diet

Self-care for stomach problems

In a previous blog article we looked at a common gastric condition called hypochlorhydria, which relates to a decreased production of stomach acid. We learned that in many, if not most conditions where heartburn, acidity, reflux and indigestion occurred, it wasn’t likely that there was too much acid production, but rather, a weakening, thinning and loss of insulation of the stomach lining due to various factors such as stress, diet and medication. The compromised lining results in a vulnerability of the stomach to even modest amounts of acid, resulting in symptoms that make you feel like you are producing too much acid. In such situations therefore, taking antacids to neutralise acid levels, or drugs to block the production of acid may alleviate some symptoms, but they ultimately fail to correct the underlying problem and will result in further health problems down the line.

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Helicobacter Pylori – Controversy and Consensus

Helicobacter pylori is a common bacterial infection among humans. Some studies show it infects the stomach lining of over 60% of the world's population, and in some areas up to 90% of the population. Up until 1982, most scientists clearly saw a relationship between stomach ulcers and stress. Then it was suggested that maybe the ulcer was the result of a bacterial infection. Since then we have found that over 80% of people suffering from duodenal ulcers are infected by H. pylori, as well as 70% of people with gastric ulcers.

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Methylation and Histamine sensitivity

Do you have a sensitivity to pollen in the air at various times of the year? How about skin reactions to certain foods or things you touch that can respond to claritine or other antihistamine medications?  Watery eyes, runny nose or post nasal drip? Do you have a weak stomach? Maybe a history of panic attacks, depression or mental fatigue? If so, you might have a sensitivity to (or build up of) Histamine - a chemical naturally produced by the body, and consumed in foods. The problem is often a genetic limitation in processing and excreting histamine from the body, which is often linked to a process called under methylation. Undermethylation and its many consequences can cause a wide variety of symptoms in different people.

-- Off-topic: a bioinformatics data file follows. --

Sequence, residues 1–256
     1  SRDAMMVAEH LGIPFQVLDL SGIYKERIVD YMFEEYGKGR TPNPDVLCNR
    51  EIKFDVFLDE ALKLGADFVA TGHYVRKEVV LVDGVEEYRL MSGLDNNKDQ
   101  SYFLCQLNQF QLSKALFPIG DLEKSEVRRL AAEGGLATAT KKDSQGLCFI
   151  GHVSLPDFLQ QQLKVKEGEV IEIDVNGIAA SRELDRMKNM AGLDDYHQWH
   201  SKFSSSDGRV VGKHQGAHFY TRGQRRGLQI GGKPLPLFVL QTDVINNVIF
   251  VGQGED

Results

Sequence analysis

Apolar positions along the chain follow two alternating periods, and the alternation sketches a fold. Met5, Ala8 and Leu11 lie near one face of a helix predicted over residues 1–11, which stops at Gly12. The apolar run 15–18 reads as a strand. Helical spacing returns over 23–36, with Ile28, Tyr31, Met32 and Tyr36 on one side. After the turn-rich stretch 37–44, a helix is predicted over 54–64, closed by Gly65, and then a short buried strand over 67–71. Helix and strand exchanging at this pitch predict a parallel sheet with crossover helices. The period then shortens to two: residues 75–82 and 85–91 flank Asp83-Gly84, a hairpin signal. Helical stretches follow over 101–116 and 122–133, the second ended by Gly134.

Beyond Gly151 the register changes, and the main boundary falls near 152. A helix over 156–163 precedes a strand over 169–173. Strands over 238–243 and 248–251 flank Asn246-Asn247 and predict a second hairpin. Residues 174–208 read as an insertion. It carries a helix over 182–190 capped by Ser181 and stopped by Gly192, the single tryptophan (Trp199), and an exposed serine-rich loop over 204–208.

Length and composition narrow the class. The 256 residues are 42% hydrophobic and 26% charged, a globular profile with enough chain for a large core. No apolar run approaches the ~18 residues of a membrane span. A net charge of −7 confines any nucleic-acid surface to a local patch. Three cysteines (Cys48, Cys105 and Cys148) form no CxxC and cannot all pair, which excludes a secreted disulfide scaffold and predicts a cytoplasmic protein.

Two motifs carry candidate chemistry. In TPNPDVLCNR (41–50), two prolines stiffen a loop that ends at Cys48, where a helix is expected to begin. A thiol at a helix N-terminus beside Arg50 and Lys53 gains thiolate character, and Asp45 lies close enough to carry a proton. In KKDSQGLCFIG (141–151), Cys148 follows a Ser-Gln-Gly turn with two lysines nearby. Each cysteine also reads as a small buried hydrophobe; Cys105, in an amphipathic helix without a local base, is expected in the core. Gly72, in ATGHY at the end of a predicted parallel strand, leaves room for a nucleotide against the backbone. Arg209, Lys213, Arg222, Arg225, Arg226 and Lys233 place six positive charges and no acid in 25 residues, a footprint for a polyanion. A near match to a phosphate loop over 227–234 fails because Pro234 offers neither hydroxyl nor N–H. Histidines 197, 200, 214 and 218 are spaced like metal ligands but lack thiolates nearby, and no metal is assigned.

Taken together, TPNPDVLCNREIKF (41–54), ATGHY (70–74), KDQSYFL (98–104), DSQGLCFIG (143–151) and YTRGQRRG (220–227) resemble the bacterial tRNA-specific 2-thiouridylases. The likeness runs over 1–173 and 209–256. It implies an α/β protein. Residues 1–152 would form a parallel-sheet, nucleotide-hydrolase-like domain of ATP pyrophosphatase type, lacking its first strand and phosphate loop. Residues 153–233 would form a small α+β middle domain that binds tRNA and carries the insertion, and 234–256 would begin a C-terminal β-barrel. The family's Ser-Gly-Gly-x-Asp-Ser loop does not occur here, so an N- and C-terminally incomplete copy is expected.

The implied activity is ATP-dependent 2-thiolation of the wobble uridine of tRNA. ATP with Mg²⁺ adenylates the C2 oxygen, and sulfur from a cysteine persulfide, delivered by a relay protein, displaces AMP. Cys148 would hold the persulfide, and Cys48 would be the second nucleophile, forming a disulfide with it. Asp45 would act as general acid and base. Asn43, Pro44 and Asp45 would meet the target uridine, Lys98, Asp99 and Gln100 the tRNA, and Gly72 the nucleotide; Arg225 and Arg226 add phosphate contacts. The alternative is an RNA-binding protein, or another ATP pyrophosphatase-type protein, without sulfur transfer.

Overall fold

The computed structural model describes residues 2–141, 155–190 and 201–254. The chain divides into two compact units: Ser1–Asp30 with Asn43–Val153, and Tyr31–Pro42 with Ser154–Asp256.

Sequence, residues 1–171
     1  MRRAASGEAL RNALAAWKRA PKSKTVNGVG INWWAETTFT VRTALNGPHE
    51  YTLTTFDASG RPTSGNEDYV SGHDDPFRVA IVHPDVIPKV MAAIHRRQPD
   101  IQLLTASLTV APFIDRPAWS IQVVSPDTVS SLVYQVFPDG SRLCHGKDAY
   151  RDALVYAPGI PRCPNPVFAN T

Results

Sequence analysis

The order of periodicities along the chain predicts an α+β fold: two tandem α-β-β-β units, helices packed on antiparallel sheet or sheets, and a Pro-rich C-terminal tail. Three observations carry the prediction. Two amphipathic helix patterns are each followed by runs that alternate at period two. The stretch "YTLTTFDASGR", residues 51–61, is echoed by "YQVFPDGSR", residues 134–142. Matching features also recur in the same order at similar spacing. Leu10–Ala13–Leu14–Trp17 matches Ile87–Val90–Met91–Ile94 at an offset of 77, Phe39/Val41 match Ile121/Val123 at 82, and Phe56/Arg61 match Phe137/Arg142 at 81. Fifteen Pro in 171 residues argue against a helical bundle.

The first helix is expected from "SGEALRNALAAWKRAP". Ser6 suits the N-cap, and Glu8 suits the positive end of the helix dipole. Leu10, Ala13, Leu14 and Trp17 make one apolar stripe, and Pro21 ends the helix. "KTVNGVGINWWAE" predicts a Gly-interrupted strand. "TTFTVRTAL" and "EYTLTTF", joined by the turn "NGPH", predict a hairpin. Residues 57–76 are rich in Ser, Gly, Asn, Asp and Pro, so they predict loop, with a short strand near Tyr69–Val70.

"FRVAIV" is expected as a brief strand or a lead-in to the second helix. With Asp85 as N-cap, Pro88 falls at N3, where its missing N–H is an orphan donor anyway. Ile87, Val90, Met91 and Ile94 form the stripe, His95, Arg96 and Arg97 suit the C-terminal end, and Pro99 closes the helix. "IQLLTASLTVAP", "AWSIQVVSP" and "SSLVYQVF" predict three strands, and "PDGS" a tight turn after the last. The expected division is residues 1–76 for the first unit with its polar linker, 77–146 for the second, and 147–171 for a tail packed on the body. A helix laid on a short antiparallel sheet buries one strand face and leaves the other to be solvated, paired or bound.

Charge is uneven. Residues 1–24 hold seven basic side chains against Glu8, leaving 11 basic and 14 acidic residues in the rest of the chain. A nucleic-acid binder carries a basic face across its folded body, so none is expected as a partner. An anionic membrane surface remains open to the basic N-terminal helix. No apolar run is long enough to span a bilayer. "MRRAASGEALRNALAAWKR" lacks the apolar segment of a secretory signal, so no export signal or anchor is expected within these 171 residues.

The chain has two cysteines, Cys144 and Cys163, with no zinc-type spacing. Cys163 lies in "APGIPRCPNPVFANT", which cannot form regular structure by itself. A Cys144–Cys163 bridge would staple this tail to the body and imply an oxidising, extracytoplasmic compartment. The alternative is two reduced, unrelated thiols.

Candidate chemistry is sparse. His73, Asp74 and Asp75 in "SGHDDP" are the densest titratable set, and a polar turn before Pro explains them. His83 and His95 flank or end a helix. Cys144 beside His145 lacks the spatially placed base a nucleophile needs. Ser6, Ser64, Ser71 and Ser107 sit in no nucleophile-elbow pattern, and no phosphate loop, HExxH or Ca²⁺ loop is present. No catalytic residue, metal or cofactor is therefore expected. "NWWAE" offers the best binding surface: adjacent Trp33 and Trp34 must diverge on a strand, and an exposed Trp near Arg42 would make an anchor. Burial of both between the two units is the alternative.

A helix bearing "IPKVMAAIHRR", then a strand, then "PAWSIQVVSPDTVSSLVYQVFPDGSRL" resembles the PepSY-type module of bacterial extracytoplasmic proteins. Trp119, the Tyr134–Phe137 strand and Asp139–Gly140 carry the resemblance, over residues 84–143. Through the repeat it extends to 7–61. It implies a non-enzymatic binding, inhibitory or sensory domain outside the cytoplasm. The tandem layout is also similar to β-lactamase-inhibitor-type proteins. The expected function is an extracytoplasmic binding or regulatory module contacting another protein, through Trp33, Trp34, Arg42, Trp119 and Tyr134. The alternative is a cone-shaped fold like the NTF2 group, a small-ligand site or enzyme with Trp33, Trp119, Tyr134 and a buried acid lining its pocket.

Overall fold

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Amine Sensitivity

Amines are naturally occurring chemicals caused by the breakdown of proteins especially in meats, fish and dairy, as well as in the fermentation of other foods such as vegetables, wines, beers, ciders, vinegars, and soy sauces. They are highest in concentration in the aging and curing of meats such as in salamis, prosciuttos, hams, etc.; when meats are cooked or grilled and in the production of cheeses. Amines enhance the flavour of food - think of the difference in flavour between a raw steak and a grilled one.  Proteins are necessary for survival, so the best way to ensure a minimal input of amines is to eat meats and other amine containing foods in their freshest possible state, as aging (such as with beef and pork packaging in supermarkets) will cause increased amine production even if the food hasn't "gone off". It has been noted that even freezing wont stop amine production, so the rule of strictly fresh is best to follow.

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Salicylate Sensitivity

  Salicylate Sensitivity Salicylates are chemicals that occur naturally in many plants. They are produced by the plant to regulate flowering, growth, ripening and they act as a natural pesticide against fruit fly and other destructive pests, as well as limiting fungus and mould growth. Some people have a sensitivity to moderate levels of salicylates which can either be genetically predisposed, or the result of foetal exposure to pesticides and other chemical irritants. While salicylates are naturally occurring, higher than acceptable levels in some people causes them to react and display any number of physiological and psycho-behavioural symptoms such as hyperactivity and "silliness". The symptoms can vary quite widely however, with other more common symptoms reported below:

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